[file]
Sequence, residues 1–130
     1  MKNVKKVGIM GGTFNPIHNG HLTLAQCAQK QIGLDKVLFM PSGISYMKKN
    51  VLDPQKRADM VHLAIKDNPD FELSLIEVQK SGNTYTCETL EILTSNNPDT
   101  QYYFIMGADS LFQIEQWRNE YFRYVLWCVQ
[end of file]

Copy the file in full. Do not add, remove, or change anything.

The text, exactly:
Sequence, residues 1–130
     1  MKNVKKVGIM GGTFNPIHNG HLTLAQCAQK QIGLDKVLFM PSGISYMKKN
    51  VLDPQKRADM VHLAIKDNPD FELSLIEVQK SGNTYTCETL EILTSNNPDT
   101  QYYFIMGADS LFQIEQWRNE YFRYVLWCVQ